Ripley: Believe It or Not
January 6, 9/8c
Robert LeRoy Ripley rose to fame during the Great Depression, transforming himself from a skinny, bucktoothed boy into an entertainer who mesmerized the nation with a razzle-dazzle blend of homespun Americana, colorful exotica, and freakish oddities. Over three decades, his "Believe It or Not!" franchise grew into an entertainment empire, expanding from newspapers to every form of "new media" in the 20th century: radio, film, and ultimately, television. At the center of it all was Ripley, whose obsession with the odd and keen eye for the curious made him one of the richest men in the country. Americans not only loved his bizarre fare, but were fascinated by the man himself, and the eccentric, globetrotting playboy became an unlikely national celebrity.
January 13, 9/8c
As the civil rights movement grew in the 1960s, the long-dormant Ku Klux Klan reemerged with a vengeance. That the Klan would rise up once again wasn’t surprising, but where the reincarnation took place was. North Carolina, long seen as the most progressive southern state, saw a boom in Klan membership under the leadership of Bob Jones, the most successful Grand Dragon in the country. In just three years, he grew the North Carolina Klan from a handful of friends to some 10,000 members - more than the Klans of all other southern states combined. In the process, Jones helped give the Tarheel State a new nickname: "Klansville, U.S.A."
January 27, 9/8c (2 hours)
By the time he died in 1931, Thomas Alva Edison was one of the most famous men in the world, and the name "Edison" was virtually synonymous with invention. The holder of more patents than any other inventor in history, Edison had been lauded during his lifetime for the invention of sound recording, motion pictures, and electric light, and would be remembered as the genius who created the modern world. Edison explores the complex alchemy that accounts for the enduring celebrity of America's most famous inventor, offering new perspectives on the man and his milieu, and illuminating not only the true nature of invention, but also its role in turn-of-the-century America's rush into the future.
The Big Burn
February 3, 9/8c
Inspired by Timothy Egan's best-selling book, The Big Burn is the dramatic story of the massive wildfire that swept across the Northern Rockies in the summer of 1910. The fire devoured more than three million acres in thirty-six hours, confronting the fledgling U.S. Forest Service with a catastrophe that would define the agency and the nation's fire policy for much of the 20th century. As America tries to manage its fire-prone landscapes in the 21st century, The Big Burn provides a cautionary tale of heroism and sacrifice, arrogance and greed, hubris and, ultimately, humility in the face of nature's frightening power.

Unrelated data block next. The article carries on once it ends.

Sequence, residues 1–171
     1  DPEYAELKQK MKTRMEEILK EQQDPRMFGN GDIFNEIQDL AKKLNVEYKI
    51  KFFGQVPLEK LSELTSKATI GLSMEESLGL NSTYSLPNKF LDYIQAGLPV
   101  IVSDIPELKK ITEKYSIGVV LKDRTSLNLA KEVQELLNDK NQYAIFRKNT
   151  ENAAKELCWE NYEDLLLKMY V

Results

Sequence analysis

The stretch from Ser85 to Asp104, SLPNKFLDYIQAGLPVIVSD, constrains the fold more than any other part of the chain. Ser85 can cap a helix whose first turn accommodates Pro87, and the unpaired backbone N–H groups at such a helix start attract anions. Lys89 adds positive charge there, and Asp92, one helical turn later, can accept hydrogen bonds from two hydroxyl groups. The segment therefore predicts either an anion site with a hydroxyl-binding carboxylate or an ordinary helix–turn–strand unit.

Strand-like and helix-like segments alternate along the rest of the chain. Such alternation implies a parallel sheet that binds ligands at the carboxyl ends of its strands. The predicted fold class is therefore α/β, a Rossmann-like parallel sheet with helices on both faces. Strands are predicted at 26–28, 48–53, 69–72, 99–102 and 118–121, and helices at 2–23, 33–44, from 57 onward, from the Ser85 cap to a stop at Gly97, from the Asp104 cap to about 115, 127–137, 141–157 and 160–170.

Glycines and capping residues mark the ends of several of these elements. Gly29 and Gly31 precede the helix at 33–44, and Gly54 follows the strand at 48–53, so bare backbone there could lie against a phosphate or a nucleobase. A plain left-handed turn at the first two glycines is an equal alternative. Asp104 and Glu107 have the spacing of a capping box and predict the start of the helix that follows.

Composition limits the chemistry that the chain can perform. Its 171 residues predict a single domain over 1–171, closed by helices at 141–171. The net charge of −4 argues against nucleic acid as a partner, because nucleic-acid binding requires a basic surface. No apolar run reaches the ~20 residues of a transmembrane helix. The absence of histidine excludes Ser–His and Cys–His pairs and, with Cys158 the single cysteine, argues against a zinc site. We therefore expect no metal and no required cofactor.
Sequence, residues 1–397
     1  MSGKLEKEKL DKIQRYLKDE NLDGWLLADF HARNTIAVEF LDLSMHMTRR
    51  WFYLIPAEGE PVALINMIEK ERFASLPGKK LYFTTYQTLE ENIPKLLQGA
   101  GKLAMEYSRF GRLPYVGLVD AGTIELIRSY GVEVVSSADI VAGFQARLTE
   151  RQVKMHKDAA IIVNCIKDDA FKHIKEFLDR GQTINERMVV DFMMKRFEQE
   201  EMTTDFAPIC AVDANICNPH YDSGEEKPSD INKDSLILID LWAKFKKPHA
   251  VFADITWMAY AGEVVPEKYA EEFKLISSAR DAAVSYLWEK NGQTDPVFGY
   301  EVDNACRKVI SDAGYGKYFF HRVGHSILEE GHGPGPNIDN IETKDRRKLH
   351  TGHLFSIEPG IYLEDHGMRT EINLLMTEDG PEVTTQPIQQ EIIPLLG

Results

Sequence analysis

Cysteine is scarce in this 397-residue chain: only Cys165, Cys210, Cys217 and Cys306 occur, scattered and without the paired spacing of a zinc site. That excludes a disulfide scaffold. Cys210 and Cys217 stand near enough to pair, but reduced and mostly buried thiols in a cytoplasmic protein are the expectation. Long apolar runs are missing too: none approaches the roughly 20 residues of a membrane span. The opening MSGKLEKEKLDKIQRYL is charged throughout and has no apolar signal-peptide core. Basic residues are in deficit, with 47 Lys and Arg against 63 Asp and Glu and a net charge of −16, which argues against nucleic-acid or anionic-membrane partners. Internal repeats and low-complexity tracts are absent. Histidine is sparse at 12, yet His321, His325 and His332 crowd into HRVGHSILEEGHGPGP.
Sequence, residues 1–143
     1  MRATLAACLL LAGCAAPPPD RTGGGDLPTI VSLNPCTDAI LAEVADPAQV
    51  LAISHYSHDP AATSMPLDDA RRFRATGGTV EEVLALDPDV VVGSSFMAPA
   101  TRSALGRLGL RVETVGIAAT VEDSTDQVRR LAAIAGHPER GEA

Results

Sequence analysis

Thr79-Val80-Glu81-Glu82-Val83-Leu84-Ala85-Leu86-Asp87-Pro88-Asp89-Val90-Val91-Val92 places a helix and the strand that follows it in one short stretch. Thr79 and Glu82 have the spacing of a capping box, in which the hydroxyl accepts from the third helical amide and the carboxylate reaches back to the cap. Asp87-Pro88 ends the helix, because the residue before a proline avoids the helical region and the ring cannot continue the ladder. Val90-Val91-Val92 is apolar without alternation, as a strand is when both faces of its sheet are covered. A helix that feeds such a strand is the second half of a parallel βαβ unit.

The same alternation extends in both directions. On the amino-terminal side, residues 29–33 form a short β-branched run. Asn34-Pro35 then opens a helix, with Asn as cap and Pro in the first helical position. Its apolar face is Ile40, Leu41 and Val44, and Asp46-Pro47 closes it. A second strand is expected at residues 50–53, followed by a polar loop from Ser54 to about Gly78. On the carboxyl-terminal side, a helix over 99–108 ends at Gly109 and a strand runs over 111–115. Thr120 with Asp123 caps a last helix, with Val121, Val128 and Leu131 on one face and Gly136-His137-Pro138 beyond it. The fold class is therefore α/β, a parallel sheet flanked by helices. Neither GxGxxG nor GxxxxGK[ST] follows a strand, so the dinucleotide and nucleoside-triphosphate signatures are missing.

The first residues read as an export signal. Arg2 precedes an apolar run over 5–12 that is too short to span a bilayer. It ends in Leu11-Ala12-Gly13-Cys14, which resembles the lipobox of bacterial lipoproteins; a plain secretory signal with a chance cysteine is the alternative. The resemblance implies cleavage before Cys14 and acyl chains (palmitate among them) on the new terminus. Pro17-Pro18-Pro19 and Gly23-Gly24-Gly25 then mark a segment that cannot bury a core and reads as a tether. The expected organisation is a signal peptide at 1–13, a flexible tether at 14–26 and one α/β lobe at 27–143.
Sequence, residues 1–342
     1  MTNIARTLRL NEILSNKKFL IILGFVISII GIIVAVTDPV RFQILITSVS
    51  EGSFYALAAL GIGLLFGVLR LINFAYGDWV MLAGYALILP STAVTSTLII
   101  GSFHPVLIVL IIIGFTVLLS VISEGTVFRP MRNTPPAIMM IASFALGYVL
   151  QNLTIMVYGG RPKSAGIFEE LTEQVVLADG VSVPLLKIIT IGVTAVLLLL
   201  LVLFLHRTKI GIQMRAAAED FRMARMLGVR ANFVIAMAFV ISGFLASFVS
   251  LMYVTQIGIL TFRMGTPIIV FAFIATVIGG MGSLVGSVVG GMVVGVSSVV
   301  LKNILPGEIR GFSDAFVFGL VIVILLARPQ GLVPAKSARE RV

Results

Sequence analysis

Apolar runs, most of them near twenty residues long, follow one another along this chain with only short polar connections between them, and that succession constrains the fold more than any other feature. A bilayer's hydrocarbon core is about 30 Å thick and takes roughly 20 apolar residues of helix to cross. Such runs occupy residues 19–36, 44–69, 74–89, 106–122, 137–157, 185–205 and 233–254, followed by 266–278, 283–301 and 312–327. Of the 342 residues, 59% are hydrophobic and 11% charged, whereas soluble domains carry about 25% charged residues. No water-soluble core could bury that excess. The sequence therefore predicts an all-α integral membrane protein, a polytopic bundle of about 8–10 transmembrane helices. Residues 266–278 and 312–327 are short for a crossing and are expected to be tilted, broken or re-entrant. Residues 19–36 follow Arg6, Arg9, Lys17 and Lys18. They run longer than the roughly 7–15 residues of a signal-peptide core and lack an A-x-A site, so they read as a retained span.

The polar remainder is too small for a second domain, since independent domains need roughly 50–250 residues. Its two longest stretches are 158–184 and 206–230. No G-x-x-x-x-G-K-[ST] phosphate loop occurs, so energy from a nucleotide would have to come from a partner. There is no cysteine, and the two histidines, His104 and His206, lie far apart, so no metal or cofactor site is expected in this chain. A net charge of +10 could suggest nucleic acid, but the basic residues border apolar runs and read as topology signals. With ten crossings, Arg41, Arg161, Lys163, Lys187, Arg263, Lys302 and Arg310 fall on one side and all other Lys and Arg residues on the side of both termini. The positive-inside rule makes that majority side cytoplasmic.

The Forgotten Plague
February 10, 9/8c
By the dawn of the 19th century, the most deadly killer in human history, tuberculosis, had killed one in seven of all the people who had ever lived. Throughout the 1800s, the disease struck America with a vengeance, ravaging communities and touching the lives of almost every family. The battle against the deadly bacteria had a profound and lasting impact on America. It shaped medical and scientific pursuits, social habits, economic development, western expansion, and government policy. Yet both the disease and its impact are poorly understood; in the words of one writer, tuberculosis is our "forgotten plague."
And on April 28, we premiere Last Days in Vietnam, a two-hour film by Rory Kennedy detailing the American evacuation of Saigon as the North Vietnamese Army was closing in.
Nikita Khrushchev’s delightfully absurd 1959 trip across America was a hilarious journey that illustrates a truth most historians choose to ignore: History is sometimes comedy.
Historians tend to chronicle the past in two somber moods—the heroic and the tragic. And of course, there’s plenty of heroism in history—and plenty of tragedy. But history is the story of what human beings have done on this planet, and—as every human knows—much of human life is absurd, preposterous, inane, insane and laughable.
Most historians ignore the comic side of history, perhaps because they want to be taken seriously. But I wrote my book on Khrushchev’s trip, K Blows Top, precisely because the event illustrates just how funny the world’s most powerful humans can be, even when they are threatening to unleash nuclear Armageddon. Cold War Roadshow goes one step further by letting us actually watch these powerful people at their most ridiculous.
At the semi-annual Television Critics Association conference today, PBS and AMERICAN EXPERIENCE announced that "Walt Disney,” a new four-hour, two-night film that explores the life and legacy of one of America’s most enduring and influential storytellers, will premiere in fall 2015.